D&O cover is primarily intended to protect the director or former director where the company cannot or will not provide indemnity out of its own funds. Prudent directors often ask how much D&O cover there is before they accept appointment to a board. They know that D&O insurance is important, particularly in regulated, prudential, industries or in businesses which operate in the US. But the amount of cover is not the only question to ask. D&O cover is complex and policies differ. Small print may limit the directors’ protection. Some insurers may be slow to pay. Simply having a D&O policy in place may give false comfort if it is not suited to the directors’ needs.
Honest directors may be sued
That lesson was learned long before the recent Great Recession. One of the most expensive claims before then was a £3 billion claim brought by the new management of Equitable Life in England against former directors, including 9 non-executive directors, and auditors of the company for failure to appreciate the correct meaning of a provision in the articles of association. About £75 million in litigation costs was spent by the parties before the claim was withdrawn.
The regulator calls
Litigation is not the only risk for directors. Many public agencies now enforce corporate responsibilities in Ireland. These include Office of the Director of Corporate Enforcement, the Competition Authority (now CCPC), Health and Safety Authority and the Environmental Protection Agency. Regulators outside Ireland, particularly in other EEA countries, may investigate Irish directors too. Oireachtas and other public inquiries can summon and question directors in public.
The law’s wheels grind slowly
Most directors are conscientious and so for them, the risk of being found guilty by an Irish court or liable to pay heavy damages for failure to act properly as a director is small. However, it may take a long time to be vindicated, or for the case to be abandoned, and in the meantime the director faces worry about reputation and the possibility that he or she may be found liable. The director (or, often, the former director) will require specialist legal advice and support during that period. If sued in the United States, the need for support may be even greater, particularly if there are securities claims.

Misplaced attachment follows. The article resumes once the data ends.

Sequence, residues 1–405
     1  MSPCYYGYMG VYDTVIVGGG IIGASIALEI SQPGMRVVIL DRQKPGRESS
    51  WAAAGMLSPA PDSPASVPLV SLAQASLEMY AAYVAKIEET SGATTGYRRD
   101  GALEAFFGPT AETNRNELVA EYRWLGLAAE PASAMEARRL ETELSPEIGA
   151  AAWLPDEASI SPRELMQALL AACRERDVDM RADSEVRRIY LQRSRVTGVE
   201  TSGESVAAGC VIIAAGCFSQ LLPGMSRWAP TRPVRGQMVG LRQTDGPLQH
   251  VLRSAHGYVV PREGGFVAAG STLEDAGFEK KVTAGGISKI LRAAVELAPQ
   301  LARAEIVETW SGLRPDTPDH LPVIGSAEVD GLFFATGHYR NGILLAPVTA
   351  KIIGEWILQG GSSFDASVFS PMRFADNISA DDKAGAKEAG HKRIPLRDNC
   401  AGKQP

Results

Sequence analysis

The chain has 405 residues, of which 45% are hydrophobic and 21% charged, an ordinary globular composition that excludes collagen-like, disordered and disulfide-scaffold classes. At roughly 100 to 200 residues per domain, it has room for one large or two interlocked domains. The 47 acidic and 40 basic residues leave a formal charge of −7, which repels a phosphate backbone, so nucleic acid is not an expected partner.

Important policy features
Severability clause: this protects innocent directors where another director has misled insurers or committed some other serious breach of the policy.
Dishonesty exclusion: this ensures that a director is entitled to payment of defence costs up to the point that he or she is found to have been dishonest by a court of law, or admits dishonesty.
Costs: payment of legal costs for advising and representing the director in investigations, trials and public inquiries is essential.
Choice of representatives: insureds need to be free to choose specialist legal advisors, subject to costs being fair and properly documented.
No delay: costs should be payable as incurred and without unnecessary delay. Delay in payment of defence costs can compromise effective legal representation.
Disputes clause: good policies provide for a speedy and fair means of dealing with disagreement between the insured and insurers.
The broker’s job
Broking a D&O policy is not like advising on routine car or fire insurance. A specialist broker should advise on cover. Each board member has a personal interest in knowing that suitable protection has been arranged and so the company secretary should ask the company’s broker to brief board members each year about the cover in place and to alert directors to what is not covered. The broker should also advise retiring directors about the arrangements to protect against late claims.